Australian Open

Djokovic: Lance must 'suffer'

2013-01-18 10:13
Lance Armstrong (File)

Melbourne - World No 1 Novak Djokovic said Lance Armstrong should "suffer for his lies" after finally admitting doping on Friday, as top players insisted tennis was a clean sport with adequate testing.

Djokovic, speaking after Armstrong confessed to cheating his way to his seven Tour de France victories, said the American's behaviour reflected badly on all athletes and should be punished.

"I think it's a disgrace for the sport to have an athlete like this," Djokovic said at the Australian Open in Melbourne.

VIDEO: Lance Armstrong confesses to doping

Health24: The dangers of blood doping

"He cheated the sport. He cheated many people around the world with his career, with his life story. I think they should take all his titles away because it's not fair towards any sportsman, any athlete.

"It's just not the way to be successful. So I think he should suffer for his lies all these years."

Djokovic also supported tennis's current anti-doping regime, which relies heavily on urine rather than blood tests, which are more accurate, despite fears it is not stringent enough.

"The results are showing that. In the last few years there maybe has been one or two cases, but those players were more or less outside of the top 100," said the Serb.

"We are keeping this sport clean. We are working towards it. There is awareness with the players and with the officials. As long as it is like that, we are in a good road."

Former Belgian player Christophe Rochus this week voiced concerns about possible doping in tennis, even raising unsubstantiated suspicions about 11-time Grand Slam winner Rafael Nadal.

Armstrong, who evaded cycling's testing authorities for years, finally admitted his clean image was "one big lie" in an interview aired on American television on Friday.

Tennis currently has a "whereabouts" system where players must tell authorities where they will be for one hour every day of the year. But Djokovic said he had not had a blood test in the past "six, seven months".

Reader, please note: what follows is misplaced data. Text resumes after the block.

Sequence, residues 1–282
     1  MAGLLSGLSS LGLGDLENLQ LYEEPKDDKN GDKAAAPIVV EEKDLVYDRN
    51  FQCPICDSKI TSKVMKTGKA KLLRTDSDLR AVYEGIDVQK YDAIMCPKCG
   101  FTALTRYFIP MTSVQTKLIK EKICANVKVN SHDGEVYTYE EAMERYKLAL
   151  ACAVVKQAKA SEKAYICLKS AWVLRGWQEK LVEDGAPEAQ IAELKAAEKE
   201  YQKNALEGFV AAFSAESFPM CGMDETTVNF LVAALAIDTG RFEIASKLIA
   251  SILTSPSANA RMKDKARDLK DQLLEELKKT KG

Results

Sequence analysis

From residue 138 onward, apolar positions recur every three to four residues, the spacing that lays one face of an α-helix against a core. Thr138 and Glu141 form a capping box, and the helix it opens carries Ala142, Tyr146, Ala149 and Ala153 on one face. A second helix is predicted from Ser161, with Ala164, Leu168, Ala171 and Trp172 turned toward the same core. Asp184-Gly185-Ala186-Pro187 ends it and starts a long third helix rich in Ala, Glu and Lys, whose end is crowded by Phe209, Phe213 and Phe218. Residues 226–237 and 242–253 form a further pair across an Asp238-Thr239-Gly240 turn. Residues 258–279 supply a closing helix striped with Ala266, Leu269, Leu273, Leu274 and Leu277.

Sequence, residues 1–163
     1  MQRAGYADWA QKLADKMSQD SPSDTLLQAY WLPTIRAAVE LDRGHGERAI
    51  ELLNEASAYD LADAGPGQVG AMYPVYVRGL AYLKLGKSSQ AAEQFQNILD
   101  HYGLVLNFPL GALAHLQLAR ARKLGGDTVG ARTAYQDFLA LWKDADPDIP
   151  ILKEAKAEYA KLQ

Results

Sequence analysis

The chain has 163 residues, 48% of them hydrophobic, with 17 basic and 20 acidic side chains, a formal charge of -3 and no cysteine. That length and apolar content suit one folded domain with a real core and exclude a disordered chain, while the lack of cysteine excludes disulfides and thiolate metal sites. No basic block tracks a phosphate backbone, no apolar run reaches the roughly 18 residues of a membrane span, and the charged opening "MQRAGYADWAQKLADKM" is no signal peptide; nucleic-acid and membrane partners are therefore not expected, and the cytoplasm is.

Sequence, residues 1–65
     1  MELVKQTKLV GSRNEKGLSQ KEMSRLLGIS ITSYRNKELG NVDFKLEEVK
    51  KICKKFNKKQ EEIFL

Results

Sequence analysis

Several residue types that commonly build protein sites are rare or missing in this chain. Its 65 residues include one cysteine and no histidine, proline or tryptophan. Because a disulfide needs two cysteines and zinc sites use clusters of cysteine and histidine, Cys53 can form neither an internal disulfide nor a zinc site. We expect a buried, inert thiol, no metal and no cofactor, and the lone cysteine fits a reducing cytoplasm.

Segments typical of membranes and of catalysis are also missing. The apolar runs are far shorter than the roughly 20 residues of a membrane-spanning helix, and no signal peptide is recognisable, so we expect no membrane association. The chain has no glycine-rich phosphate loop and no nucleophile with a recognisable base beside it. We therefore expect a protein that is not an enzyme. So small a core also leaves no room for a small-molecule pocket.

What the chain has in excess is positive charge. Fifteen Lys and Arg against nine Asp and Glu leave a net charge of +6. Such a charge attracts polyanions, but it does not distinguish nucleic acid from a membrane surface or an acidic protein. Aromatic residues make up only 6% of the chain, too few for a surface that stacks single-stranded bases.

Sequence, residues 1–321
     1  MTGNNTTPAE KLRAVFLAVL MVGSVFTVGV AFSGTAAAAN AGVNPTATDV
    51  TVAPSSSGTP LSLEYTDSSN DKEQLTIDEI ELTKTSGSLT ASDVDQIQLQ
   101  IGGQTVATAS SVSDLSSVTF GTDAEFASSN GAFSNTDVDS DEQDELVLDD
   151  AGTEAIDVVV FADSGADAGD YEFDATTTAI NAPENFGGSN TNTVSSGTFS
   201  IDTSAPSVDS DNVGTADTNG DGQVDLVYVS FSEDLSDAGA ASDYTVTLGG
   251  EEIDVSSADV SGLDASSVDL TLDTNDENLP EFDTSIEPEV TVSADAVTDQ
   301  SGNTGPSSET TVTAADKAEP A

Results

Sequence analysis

"Yeah, I wasn't tested with blood for last six, seven months. It was more regularly in last two, three years ago. I don't know the reason why they stopped it," he said.

"As I said, I mean, as long as it's fair, it's clean, we're trying to protect the identity of this sport. I believe tennis players are one of the most cleanest athletes in the world and one of the most competitive sports.

"So as long as we keep it that way, I have no complaints about testing."

This week France's Julien Benneteau also said it was "impossible" that Nadal had used drugs, while US Open champion Andy Murray said tennis players simply trained hard to be fit for their sport.

"Anyone can see the amount of hours of training and practice that go into what we do and there are other sports that, endurance-wise, are far more challenging than tennis," Murray told British media.

"No, the guys can't just play five or six hours and then come back the next day and run around like rabbits. When guys play five or six hours in the Slams like we often do, we have a day's rest.

Maria Sharapova, the four-time major-winner and world number two, called the Armstrong saga "just a really sad story, sad for that sport itself".

"I'm happy that our sport is as clean as it can be and that we're constantly tested," said Sharapova, who added that she was once tested on her birthday.

"So as long as we're getting tested, whatever it takes, urine, blood, we're all here to make the sport as clean as it can be."



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